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[SINGAPORE] Automated teller machines (ATMs) that dispense gold have landed at Marina Bay Sands and Resorts World Sentosa.
You can't miss them, cloaked as they are in "gold" paint.
The two machines, launched on Wednesday by Asia Gold ATM, are Asia's first, and make Singapore the fourth place in the world to have such facilities, after the UAE, the UK and the US.
Kong Kok Chee, the Malaysian chief executive of Asia Gold ATM, when asked why he chose Singapore for the company's first foray, replied that the government's 2012 abolishment of Goods & Services levies on gold and other precious metals pretty much sealed the deal for him, but he added that the Republic's central location and its importance as a financial and gold trading hub were also significant factors.
The company also said it saw potential for gold-dispensing ATMs in Singapore, the destination of thousands of affluent tourists from across the world.
ATMs that spit out money are ubiquitous, but what happens in an encounter with one that spits out gold bars of one and 10 grams, silver ingots, coins and even a gold ingot with a Merlion design, all of 24K, 999.9 purity?
Payment for the items, crafted by Swiss gold company PAMP, is by credit card or cash. The machines don't give change, so buyers who don't have the exact amount due will have to pay extra.
The market price of gold applies, and the items are repriced at intervals through the system's cloud server.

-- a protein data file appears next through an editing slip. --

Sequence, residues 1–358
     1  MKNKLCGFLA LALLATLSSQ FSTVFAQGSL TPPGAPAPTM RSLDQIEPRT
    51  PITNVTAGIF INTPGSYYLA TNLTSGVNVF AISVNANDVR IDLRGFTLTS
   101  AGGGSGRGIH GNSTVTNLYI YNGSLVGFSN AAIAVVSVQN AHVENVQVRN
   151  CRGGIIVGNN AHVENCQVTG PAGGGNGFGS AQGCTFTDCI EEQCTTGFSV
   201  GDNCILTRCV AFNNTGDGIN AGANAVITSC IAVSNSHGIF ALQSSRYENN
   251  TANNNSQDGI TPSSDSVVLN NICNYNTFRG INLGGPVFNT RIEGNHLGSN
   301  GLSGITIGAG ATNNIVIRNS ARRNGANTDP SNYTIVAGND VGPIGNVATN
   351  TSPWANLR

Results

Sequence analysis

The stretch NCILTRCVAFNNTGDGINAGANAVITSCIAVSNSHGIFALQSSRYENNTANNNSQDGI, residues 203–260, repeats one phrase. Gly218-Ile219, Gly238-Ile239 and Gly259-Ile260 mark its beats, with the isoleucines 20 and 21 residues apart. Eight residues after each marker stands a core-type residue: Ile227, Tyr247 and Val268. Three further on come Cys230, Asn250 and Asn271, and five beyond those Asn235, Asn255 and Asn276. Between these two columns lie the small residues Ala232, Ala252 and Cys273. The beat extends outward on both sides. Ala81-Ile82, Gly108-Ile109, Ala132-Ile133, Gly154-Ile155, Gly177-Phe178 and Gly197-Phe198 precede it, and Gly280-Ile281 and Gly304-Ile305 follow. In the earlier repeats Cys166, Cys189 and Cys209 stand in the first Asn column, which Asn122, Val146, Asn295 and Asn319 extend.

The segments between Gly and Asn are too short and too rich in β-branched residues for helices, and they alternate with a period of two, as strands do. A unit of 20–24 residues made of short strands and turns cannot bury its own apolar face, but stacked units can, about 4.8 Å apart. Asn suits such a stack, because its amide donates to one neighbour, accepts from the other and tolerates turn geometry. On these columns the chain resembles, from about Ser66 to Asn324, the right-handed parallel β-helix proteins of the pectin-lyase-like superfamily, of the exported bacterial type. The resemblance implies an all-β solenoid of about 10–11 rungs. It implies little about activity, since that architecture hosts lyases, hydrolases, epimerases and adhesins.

To do a transaction, you are first prompted to "Touch screen to begin".
Next up, pick your language - English, Chinese, German, Russian or Arabic.
A 3D display of the machine's stock appears. You can even choose to make a gift of a particular item; for this, you pay for it and are issued a redemption code, and the person to whom you are giving the item can redeem it later.
The PAMP Merlion ingot comes in a one-gram size, and is being offered ahead of the nation's 50th anniversary celebrations next year; Asia Gold ATM worked closely with the Singapore Tourism Board on this.
Mr Kong said the ATMs cater to locals and tourists.
"We want to give tourists something that they can collect and keep. You tend to buy and lose souvenirs, but for gold products, you tend to keep them for a very, very long time, and pass the item down from generation to generation."
After payment is made for the purchase, the machine offers the customer a final bit of kitsch - the opportunity to get a selfie taken using its built-in camera and to receive the photograph by e-mail.
Mr Kong said he came up with the idea of introducing consumers in Asia to a modern, convenient way to shop for gold a few years ago.
"We are basically a gold retailer", he said.
But Asia Gold ATM couldn't be further from the traditional brick-and-mortar goldsmith's shop: In the place of a human sales assistant who talks to you and might even ply you with refreshments, the ATMs are equipped with 3D product-image support software, artificial intelligence and interactive and data-capturing technologies, including that which does stock-taking. The company took nearly two years to develop these systems.
Now, even after the launch of the ATMs, Mr Kong is keeping an eye on his business strategy. Rather than target every sector, he is banking on the machines' incorporated artificial intelligence to collect data that will help in the planning of designs for specific products that meet the target market's preferences.
The company is focused on just the Smart Gold ATM for now.
Mr Kong said he plans to install "two to three" more ATMs in high-traffic locations before the end of the year; come next year, he will start charting a regional expansion.